The new Eraserheads songs: Looking backward but moving forward

Rick Olivares - The Philippine Star

Buying the latest issue of Esquire magazine was like eating a Wonka Bar and finding out that it contained a Golden Ticket.

I didn’t know that the Eraserheads would be on the magazine’s cover and an excellent feature length article on the bands’ recent show in London would be included. Furthermore, I didn’t even know that it contained a special CD of new songs – yes, new songs and not discarded tracks that never made an album’s final cut – by a band that I never thought would return to the studio to pen new tunes.

This is simply one of life’s pleasant surprises and it took me back to the 1980s when getting a copy of British music mag, Flexipop, meant you were a serious collector because not only did they have the top bands of the day but they also featured tracks you will never find anywhere else.

I had Two-Tone ska band Madness’ piano version of “My Girl,” and Motorhead’s live version of The Yardbirds’ re-worked blues number, “The Train Kept A-Rollin’” where the magazine boasted that the thumping sound that could be heard was from over a hundred people banging their heads on the speakers.

Er, speaking of heads…  I mean who knows if the Eraserheads will ever record a new album, right?

Nevertheless, before I go any further, I should first thank Esquire’s esteemed editor and wondrous writer Erwin Romulo for making all this happen.

Now listening to the two new songs – “Sabado” and “1995” – was like taking a trip down memory lane, except that somewhere along the way, you realize that you’re some place new where there are exciting new discoveries.

First… along that well trodden path… I spoke to two persons who were there at the beginning.

Rob Sunico (the band’s first manager): “I had previously asked Binky Lampano and Jack Sikat if they saw any good bands at UP and they told me about the Eraserheads. It just so happened, I bumped into a friend of mine, TJ Besa and asked him if he knew of them. Fortunately at that moment, he was with Marcus (Adoro), who was his frat brod, and Reims (Marasigan). I asked them what was their music like and they gave me this tape.”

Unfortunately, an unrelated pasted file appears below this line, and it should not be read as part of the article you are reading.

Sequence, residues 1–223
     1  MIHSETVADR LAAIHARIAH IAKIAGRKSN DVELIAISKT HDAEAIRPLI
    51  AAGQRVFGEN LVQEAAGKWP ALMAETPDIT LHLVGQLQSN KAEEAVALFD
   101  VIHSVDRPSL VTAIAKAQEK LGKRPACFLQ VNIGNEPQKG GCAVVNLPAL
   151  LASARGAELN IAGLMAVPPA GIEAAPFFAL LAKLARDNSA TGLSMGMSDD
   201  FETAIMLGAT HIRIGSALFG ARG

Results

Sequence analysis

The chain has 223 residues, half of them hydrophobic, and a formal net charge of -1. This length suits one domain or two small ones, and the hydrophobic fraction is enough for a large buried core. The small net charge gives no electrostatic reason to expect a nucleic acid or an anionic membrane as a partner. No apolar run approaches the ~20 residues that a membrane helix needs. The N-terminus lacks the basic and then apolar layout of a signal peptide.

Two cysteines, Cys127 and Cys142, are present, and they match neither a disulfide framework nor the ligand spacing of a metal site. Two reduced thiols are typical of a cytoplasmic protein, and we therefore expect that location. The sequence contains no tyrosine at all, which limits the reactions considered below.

“Robin Rivera, who eventually became their producer, liked their music and recorded them at faculty center.  Anyway, we went to the office to listen to their tape. Dodong Viray, Dyna Records Creative Director at that time was also there.  Dodong told me to take care of these guys because they’re gonna be big.  And so it came to pass.”

TJ Besa (schoolmate and friend):I met Marcus during the fraternity initiation. During the talent portion, kinanta ni Marcus yung “Pare Ko” and we were like, ‘Okay, fine.’”

“Some time later, Raimund Marasigan told me that they had submitted their demo copies to different recording companies but got no interest, they were about to give up.”

“I even brought them to a place called 'The Wall' before sa Balara – talagang hole in the wall. And if I remember right, they weren’t paid for their performance.”

“Back then they had an unrecorded song inspired by a drink I served at the UP fair. The drink was called ‘Sidewalk Slammer’ and the song was titled, ‘Sidewalk Slammin' in the Sunken Garden’. They never did record the song. Haha.”

“Then I bumped into Rob who was putting up Club Dredd with Patrick Reidenbach and that’s how they got their start.”

Seven albums and a bunch of EPs, compilations, and live albums later, the band with its original lineup in tow, has recorded their first new songs since 2001’s “Carbon Stereoxide”.

The moment the acoustic guitar strums of “Sabado” enters, you get that warm familiar feeling of an old friend. Or a band whose music not only defined a generation but also spoke of a local heart and pulse. The jingle jangle settles your nerves if you are wondering how good they’d be (they are). It revs up but yanks you back as if to say, “let’s savor this moment.”

The songs are unmistakably the Eraserheads, only with a bright new sheen. On the other hand, the solid musicianship depicts a mature band that had perfected its craft.

And one of them, “Sabado,” seems to be the story of the band in the here and now.

“Ang pagpanaw ng araw

At paglalim ng dilim.

Ang oras.

Na lumipas.

Di na natin maibabalik.”


“Itapon ang kahapon.

Yakapin ang darating.

At kung kailangan mo ako.

Lagi naman ako nandito.”

Is this the start of something new? Is this a continuation of unfinished business?

Rob Sunico (who currently manages Ely Buendia’s new band The Oktaves): “It is still them. The edges have been smoothed out but it is still them.”

TJ Besa (currently the Managing Director of CommPulse Advertising and PR): “It’s a positive song about moving on. I think it might be a subliminal explanation of what's been going on but not necessarily what will happen.”

Is this a start of a new album and not simply these reunion concerts playing classic hits?

Besa then paused to think about then closed it out: “AngSabado’baka umabot sa Lunesat hataw na naman sila.”









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